Within the field of education, Dr O’Brien posited that superdiversity has particular relevance to critical theory perspectives such as critical pedagogy, to which the principles of equality, equity, diversity and inclusion in education are central. Critical pedagogy posits that it is not enough to know more, it is also about being more and holding certain values that are central to the mission of education. Key concepts within critical theory of education include global citizenship education (GCE), which raises key questions such as how do we view ‘knowledge’ (e.g. as ‘handed down’ or revisable), how do we explain exclusionary effects/affects and propose alternative solutions for the betterment of society (i.e. root causes instead of ‘quick-fix’ solutions), and how do we extend knowledge and skills to critically engage values, attitudes and actions (e.g. who and what do we stand for) – both for others and ourselves.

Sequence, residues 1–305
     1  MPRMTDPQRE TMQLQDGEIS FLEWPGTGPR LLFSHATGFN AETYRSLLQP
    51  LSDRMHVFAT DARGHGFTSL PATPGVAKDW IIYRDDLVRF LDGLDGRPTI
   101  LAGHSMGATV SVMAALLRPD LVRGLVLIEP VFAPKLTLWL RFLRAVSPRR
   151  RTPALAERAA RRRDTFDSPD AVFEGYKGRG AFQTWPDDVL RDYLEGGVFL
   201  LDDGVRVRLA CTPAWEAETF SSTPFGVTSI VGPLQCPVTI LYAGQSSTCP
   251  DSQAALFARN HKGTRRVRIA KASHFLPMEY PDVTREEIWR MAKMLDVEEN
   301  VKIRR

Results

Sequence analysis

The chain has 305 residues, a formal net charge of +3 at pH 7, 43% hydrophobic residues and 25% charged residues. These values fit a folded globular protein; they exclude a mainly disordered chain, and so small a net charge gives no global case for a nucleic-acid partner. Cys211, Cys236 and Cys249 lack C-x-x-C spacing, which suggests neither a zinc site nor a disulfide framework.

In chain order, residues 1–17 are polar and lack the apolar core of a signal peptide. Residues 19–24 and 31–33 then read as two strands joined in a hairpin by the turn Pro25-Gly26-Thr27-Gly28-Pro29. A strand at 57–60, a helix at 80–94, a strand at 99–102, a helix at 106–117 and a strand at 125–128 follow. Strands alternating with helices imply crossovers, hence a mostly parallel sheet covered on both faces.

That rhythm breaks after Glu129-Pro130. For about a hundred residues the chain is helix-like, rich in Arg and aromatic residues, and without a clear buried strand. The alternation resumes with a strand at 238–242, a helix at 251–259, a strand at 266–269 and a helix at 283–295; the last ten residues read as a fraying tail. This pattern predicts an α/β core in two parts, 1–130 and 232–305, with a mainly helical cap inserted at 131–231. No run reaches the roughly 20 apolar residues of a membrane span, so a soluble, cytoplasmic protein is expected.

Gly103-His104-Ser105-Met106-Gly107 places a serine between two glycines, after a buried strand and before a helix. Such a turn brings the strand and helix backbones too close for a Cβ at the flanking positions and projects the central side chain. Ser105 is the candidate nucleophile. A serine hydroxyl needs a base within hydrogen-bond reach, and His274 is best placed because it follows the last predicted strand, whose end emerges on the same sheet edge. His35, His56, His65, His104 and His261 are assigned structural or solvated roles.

The importance of ‘critical’ multicultural education was also highlighted, which similar to GCE values education as a human right and is concerned with how learning, knowledge and education can enable individuals and groups to overcome disadvantage and exclusion, and challenge inequality. Dr O’Brien underlined how superdiversity connects with such wider inclusion work and has the potential to nurture good community relations and more progressive policies in the university space. In terms of key questions from critical multicultural education that can be applied to support superdiversity in higher education, these include: how do we use democratic, participatory and creative learning methods (e.g. exploring diverse viewpoints and values, inclusively assessing, engaging with ‘contentious’ knowledge); how do we reflect individually and collectively (e.g. reflecting on where are ‘we’ coming from); and how are we preparing for ‘culturally responsive teaching’ (Gay, 2002) (e.g. designing culturally relevant curricula).